“To me, the role of President who also oversees engineering and product development allows me to be an engineer. While also being a dynamic leader. In fact, I have to be dynamic in whatever I do and adapt to changing circumstances. Technology is ever-evolving, and it is my responsibility to stay ahead of fast-changing trends and anticipate potential disruptions.

“This job requires passion and the ability to drive things you believe in. Over my career, I have developed the ability to prioritise and focus but still handle many things in parallel and be organised. An important skill I have learnt to lead people successfully is by simply being a good example and treating people with decency and respect. A big thing for me is taking the time to understand how people within your team can bring value - and recognise them when they succeed.” 

Why is now the time for manufacturers to digitalise?

“Now more than ever companies in the manufacturing industry are facing strong competitive pressure, supply chain woes and a rapidly changing regulatory landscape. Manufacturers need to be innovative to get their products to market faster, compete in global markets and become low-cost producers while delivering excellent quality and customer service.  

“Without digitisation, employees waste time capturing, storing, and routing documents to others using slow manual processes. Particularly since the pandemic and the new fragmented workforce, all employees must have available to them secure and compliant access to documents 24/7, in the office or at home.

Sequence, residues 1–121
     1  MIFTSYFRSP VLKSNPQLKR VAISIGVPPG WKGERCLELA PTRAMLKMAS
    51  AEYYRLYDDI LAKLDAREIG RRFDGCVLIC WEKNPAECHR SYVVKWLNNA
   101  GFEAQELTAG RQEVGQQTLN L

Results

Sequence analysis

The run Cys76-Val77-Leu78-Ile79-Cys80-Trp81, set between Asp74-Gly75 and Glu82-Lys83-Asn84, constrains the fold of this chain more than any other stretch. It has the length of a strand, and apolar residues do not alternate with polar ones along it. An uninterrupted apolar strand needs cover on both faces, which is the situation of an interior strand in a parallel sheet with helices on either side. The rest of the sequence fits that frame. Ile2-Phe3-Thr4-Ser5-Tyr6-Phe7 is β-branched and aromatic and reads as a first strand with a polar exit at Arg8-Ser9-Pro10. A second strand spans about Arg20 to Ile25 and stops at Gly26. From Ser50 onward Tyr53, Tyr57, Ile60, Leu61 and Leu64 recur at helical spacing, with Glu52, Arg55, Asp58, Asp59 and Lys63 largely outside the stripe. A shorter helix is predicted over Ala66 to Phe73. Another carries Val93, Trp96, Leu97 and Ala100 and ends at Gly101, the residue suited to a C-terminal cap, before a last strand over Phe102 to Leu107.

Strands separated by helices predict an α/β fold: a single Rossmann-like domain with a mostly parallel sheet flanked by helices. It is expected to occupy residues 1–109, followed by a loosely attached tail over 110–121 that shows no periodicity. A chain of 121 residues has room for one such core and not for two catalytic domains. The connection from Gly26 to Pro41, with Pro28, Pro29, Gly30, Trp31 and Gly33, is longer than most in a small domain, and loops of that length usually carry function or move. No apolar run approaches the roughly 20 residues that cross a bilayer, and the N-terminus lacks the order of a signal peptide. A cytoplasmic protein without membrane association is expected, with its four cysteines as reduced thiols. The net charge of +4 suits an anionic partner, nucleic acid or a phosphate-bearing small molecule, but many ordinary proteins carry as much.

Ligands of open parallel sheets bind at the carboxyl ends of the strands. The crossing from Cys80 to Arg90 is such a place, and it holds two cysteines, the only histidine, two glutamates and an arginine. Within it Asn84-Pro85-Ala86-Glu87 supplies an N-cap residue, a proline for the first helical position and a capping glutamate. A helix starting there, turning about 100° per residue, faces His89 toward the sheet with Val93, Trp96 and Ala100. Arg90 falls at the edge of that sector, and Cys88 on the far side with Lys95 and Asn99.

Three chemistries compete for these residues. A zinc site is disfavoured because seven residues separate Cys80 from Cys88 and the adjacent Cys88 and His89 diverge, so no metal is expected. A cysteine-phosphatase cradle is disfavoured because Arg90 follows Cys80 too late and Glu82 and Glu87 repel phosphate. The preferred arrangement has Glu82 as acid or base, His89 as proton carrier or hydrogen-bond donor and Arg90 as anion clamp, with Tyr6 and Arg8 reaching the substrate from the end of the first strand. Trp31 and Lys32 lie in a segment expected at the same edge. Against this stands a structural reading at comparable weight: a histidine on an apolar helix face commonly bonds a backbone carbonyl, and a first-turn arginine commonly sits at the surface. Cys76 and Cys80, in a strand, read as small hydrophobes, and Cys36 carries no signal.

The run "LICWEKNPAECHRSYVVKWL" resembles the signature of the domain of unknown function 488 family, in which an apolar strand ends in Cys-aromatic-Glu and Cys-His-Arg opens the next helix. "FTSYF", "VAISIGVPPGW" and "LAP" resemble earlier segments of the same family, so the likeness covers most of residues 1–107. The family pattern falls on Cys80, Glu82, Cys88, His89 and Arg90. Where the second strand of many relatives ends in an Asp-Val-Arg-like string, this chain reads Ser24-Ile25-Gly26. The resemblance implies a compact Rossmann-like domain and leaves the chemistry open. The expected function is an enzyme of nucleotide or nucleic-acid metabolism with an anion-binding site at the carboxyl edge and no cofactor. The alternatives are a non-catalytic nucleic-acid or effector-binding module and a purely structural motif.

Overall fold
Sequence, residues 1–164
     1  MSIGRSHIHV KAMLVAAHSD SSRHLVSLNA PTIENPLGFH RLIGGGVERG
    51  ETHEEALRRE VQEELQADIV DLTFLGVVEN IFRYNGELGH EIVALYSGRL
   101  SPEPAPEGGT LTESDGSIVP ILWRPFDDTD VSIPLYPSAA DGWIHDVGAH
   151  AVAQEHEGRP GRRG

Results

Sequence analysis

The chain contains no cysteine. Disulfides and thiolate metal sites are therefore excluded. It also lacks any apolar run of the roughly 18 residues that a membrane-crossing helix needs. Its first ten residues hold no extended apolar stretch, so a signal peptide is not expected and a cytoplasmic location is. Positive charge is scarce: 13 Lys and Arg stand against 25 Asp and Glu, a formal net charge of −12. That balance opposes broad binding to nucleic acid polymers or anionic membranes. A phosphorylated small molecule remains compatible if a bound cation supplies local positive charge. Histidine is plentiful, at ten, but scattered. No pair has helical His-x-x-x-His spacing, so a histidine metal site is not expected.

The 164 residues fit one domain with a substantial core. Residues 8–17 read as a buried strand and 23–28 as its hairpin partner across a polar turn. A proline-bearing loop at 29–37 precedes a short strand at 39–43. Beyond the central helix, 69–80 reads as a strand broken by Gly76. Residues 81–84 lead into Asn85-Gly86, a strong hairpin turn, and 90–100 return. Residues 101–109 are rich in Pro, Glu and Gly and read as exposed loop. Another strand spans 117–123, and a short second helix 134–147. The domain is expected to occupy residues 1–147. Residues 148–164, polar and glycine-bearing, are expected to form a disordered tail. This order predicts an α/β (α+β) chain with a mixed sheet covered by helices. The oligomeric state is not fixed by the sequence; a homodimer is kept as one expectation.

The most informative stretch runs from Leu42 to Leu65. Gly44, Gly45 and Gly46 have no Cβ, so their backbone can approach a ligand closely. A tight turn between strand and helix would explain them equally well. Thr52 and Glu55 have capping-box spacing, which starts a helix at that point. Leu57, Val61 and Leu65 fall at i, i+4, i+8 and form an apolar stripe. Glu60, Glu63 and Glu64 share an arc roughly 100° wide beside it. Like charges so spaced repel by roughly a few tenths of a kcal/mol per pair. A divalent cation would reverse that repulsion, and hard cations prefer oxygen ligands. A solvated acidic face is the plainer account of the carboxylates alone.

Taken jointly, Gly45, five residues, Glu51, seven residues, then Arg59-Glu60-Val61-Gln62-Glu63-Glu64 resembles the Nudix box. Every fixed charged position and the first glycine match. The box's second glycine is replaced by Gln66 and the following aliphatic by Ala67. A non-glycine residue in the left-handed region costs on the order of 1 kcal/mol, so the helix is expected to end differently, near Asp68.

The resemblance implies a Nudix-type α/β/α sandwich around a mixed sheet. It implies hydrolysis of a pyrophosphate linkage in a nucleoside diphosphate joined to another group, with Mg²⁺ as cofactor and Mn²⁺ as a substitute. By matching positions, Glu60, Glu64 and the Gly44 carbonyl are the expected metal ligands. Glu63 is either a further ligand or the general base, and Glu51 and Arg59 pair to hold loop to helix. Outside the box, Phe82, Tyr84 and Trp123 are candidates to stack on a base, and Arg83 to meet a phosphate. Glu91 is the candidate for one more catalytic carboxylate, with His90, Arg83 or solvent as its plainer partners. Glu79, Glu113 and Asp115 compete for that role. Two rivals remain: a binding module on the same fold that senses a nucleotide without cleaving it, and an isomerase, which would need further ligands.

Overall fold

“Manufacturers of everything from metal fabrication and machine parts to biotechnology and pharmaceuticals need to start their digitalisation journey’s now to streamline production and administrative processes so they can work smarter, save money, reduce waste and deliver better, faster results for their customers.”

In the manufacturing industry, what are the best practices for digitalising?

“When starting on a digitalisation journey, I’d say that some of the top best practices for manufacturers to follow are:

  • Prioritise automation of simple and frequently used business processes – Automated processes reduce time and effort for employees, which ultimately reduces costs for a business, therefore focus on business-critical processes that align with objectives e.g., speeding up order processing
  • Improve paper-based processes instead of emulating them – Take the opportunity to eliminate extra steps where you can when digitalising. Ask yourself why you’ve followed a certain procedure in the past and whether those actions are necessary for this new context